They also relied on the help of young children who grew up naturally speaking Spanish and a Philippine language.

What I found remarkable was that the book was actually produced in the town of Pila itself.  In fact, it is one of the first works in the Philippines printed with movable type.

The text on the cover even refers to the town as “…la noble villa de Pila..”  It is this impressive phrase that has always inspired Cora.  She loves to recite the words as we walk around the town.  It is an ancient title that gives substance to her labors.

Looking for the book

Little did I know that I would soon be enmeshed in this same dictionary.  A few months later, while in Madrid, I casually asked a good friend, who was back in the Philippines, if he wanted anything from the general neighborhood of the Iberian peninsula.  The answer was one that I would soon live to regret:  He wanted a copy of the reissue of the San Buenaventura dictionary.  Thought I was taken somewhat aback, I told myself, what could be so difficult about finding an old book?  Yes, my innocence was actually quite charming.

The first place I checked was our local parish church.  Of course, they thought I was some kind of nut case.  I would later learn to my embarrassment that San Buenaventura was Franciscan while our parish was run by Augustinians.

So I went to the biggest bookstore in Madrid.  Again my sanity was questioned.  What year did you say? 1613?  Couldn’t I interest you in something a bit more current?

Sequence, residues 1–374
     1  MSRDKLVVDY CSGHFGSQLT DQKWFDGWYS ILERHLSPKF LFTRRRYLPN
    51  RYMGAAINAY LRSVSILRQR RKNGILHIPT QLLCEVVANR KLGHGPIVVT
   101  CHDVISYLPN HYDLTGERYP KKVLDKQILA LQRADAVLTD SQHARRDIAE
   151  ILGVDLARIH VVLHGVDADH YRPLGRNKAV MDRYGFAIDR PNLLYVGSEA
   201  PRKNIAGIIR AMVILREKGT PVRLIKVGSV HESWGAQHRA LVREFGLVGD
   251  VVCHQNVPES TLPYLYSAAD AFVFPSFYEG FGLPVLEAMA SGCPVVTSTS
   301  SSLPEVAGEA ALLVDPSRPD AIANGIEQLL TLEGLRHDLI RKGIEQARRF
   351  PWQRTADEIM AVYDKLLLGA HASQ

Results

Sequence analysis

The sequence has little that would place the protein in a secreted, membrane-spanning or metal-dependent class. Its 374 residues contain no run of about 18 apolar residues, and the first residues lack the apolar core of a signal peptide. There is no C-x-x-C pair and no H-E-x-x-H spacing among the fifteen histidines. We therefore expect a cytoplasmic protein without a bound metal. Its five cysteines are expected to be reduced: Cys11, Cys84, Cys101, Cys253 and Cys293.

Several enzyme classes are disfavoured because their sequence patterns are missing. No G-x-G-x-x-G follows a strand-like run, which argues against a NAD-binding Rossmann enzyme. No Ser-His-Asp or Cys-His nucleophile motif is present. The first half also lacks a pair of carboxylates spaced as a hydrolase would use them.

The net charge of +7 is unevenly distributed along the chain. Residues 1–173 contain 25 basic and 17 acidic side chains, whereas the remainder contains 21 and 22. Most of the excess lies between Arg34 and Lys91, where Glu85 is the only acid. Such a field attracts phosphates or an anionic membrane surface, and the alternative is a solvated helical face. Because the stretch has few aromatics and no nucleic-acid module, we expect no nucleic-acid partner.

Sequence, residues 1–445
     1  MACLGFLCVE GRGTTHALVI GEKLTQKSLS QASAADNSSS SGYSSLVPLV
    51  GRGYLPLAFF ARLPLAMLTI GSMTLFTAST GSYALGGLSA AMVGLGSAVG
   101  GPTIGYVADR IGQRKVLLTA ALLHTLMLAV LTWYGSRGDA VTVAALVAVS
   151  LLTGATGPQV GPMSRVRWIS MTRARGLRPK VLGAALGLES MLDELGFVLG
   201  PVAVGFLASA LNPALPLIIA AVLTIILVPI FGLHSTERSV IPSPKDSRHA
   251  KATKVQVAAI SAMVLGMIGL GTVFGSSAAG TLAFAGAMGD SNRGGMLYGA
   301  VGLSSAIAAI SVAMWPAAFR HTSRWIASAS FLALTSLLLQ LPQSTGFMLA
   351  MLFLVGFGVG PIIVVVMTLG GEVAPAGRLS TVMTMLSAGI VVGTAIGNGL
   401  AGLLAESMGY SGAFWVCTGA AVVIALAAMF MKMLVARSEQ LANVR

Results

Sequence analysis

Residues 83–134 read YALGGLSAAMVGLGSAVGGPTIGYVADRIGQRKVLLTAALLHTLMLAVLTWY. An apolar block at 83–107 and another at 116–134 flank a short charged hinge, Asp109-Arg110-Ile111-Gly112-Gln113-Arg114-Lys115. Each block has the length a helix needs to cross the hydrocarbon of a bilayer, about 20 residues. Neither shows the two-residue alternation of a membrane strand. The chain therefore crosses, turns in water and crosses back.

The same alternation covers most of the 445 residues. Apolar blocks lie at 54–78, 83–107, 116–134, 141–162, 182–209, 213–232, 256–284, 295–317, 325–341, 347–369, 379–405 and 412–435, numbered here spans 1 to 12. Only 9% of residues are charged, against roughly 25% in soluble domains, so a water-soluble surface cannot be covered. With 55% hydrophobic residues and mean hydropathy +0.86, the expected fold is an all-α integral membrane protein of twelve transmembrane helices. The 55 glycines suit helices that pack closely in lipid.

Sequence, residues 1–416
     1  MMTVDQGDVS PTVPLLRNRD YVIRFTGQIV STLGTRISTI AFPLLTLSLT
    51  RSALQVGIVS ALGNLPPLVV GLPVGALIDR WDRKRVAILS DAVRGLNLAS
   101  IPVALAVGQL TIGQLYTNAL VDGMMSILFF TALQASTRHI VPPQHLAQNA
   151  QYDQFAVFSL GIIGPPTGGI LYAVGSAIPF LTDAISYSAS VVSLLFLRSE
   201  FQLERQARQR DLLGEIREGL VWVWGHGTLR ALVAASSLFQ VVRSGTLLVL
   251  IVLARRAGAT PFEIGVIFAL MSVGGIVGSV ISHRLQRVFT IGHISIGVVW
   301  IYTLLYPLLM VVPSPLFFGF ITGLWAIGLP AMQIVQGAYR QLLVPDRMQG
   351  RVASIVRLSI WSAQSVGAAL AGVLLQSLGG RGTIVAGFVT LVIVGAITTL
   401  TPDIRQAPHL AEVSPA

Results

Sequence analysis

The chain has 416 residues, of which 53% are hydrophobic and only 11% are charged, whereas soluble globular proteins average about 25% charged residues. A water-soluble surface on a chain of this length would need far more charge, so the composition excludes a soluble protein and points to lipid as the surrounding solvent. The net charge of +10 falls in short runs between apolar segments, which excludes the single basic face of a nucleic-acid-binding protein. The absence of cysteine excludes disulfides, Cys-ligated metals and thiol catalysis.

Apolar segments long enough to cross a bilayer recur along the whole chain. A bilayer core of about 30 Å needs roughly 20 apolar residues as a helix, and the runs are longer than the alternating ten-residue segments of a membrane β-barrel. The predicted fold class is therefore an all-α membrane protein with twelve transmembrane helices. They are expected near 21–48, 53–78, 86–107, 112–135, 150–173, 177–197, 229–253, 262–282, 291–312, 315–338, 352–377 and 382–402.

So that was it.  I turned to an expert in lost causes, my aunt Rerre Basagoiti.  If there was anyone who could find this book, she could.  She began calling – of course – the Franciscan mother house in Madrid.  Now, why didn’t I think of that?

Unfortunately, the woman she got hold of probably just had an unproductive manicure.  She wasn’t in a helpful mood.  She airily dismissed my aunt by telling here to call Villa de Aranzazu in Guipuzcoa in Northern Spain.

I would have given up at that point simply because the names I was going to be working with had far too many letter Zs!  But not my aunt.

A wonderful man by the name of Padre Arregui of Villa Aranzazu said he could only help by giving the number of a lady named Miriam, who lived in San Sebastian.  I do not understand this part of the story.  Perhaps Miriam was one of the founders of www.amazon.com.

At any rate she told my aunt (I had already fled by that time and my aunt was on her own!) that she was looking for was the Archivo de los Indias, which had just been transferred to Calle Narciso Serra 21 back in – yes – Madrid!

When my aunt finally made it to the Archivo, she was met by Father Pedro who, it turns out, had just come back from doing research in – can you believe it – San Antonio in Makati!  He then bought out a copy of my dictionary – at long last!

So was it worth it?

In the introductory essay of the new edition, there is mention of how the scholar William Henry Scott explains the value of the many wonderful words in the dictionary.  He explains that we can pick up from the various terms the complexity of technologies already in use by the ancient Filipinos even before they were exposed to Spanish culture.

Scott discusses the expertise of our ancestors in such fields as agriculture, metalwork, weaving, architecture and the like as evidenced by their wide vocabulary.

Somehow it is so comforting, when you open the pages, to see familiar words like bakal, bahay and even baboy.  It is nice to know that 400 years ago, our grandparents spoke the same language.

Thinking back on Pila and its plaza and the issues that Cora and her friends must constantly address, one begins to understand that heritage is many things.  It involves buildings, and artworks, weaving, food, books and plazas.

But it is also the work we do, the words we use, the feelings we express and yes, the ideas we cherish.

Email beatrist@filipinaslibrary.org.ph or address letter to Filipinas Heritage Library, Makati Ave., Ayala Triangle, Makati City.